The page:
Ultra-high pressure marbles occur in subducted slices of oceanic and continental crust, providing evidence that carbonates are stable to mantle depth within subduction zones and thus represent part of the long-term burial of carbon. One key aspect of the deep carbon cycle is how CO2 is recycled in subduction zones, which will determine if the carbon is returned to the exogene cycle in (geologically) short time scales of a few million years or whether carbon is subducted to the deeper mantle and potentially sequestered for several hundreds of million years. This has great influence on the long-term concentration of greenhouse gasses in the Earth atmosphere. Therefore, for the correct interpretation of geological climate records, it is fundamental to understand the deep carbon cycle.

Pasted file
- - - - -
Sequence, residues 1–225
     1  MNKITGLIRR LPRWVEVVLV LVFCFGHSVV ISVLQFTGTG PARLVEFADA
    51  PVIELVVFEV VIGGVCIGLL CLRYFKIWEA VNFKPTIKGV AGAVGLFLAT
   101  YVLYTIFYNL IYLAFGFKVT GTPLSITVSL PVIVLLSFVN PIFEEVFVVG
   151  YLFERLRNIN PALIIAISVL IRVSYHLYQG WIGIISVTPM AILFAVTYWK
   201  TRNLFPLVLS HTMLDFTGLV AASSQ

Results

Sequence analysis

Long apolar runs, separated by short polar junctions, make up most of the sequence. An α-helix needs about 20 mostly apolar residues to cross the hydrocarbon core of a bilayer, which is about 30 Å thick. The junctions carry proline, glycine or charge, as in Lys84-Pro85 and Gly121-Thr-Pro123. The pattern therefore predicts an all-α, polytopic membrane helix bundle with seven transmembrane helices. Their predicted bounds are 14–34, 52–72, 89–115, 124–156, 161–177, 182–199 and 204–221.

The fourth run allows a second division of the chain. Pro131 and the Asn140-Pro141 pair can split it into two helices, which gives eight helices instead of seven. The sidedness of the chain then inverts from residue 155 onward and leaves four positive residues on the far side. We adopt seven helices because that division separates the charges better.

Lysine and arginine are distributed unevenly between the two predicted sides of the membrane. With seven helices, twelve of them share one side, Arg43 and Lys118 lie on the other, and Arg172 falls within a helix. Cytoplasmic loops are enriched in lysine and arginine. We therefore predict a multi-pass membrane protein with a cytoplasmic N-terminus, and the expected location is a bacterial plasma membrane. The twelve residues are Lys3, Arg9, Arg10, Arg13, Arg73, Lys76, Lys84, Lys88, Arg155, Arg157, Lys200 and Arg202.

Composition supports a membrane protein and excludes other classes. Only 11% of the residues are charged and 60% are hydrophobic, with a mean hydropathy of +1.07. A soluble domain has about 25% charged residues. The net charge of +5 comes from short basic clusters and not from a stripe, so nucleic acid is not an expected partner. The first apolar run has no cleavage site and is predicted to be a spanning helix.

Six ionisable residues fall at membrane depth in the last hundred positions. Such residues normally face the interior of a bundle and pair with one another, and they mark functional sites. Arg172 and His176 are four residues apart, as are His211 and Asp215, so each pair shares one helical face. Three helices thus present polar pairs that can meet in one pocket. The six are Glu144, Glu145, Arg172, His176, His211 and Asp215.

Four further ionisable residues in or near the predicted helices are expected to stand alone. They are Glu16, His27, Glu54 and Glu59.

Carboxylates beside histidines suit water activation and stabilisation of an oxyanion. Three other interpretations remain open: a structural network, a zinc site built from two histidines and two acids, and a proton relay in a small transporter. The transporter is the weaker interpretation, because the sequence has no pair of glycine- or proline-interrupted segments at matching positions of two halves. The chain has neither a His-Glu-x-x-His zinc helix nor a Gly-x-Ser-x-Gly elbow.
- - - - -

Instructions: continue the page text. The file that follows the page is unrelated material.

The Alpine-Apennine belt provides an excellent natural laboratory to study key aspects of the deep carbon cycle. Firstly, there are extensive outcrops of ophiolites, which allow studying carbon uptake during alteration of oceanic crust. Of particular importance is that there are slices of Cretaceous ophiolites. We plan to test whether the higher CO2 content of the atmosphere at that time led to a more extensive uptake of CO2 in the oceanic crust alteration. We plan to study the release of CO2 during subduction from carbonate-bearing rocks that were subducted to different depths. We are particularly interested on how CO2 bearing fluids released from subducted crustal materials interact with ultramafic rocks of the mantle wedge as this potentially represents a so far neglected major reservoir of carbon on Earth. The Alps provide a whole range of rocks that experienced conditions from lowest grade metamorphism up to 120 km of subduction depth, permitting to study the transfer and reaction of CO2-bearing fluids with crustal and mantle rock types.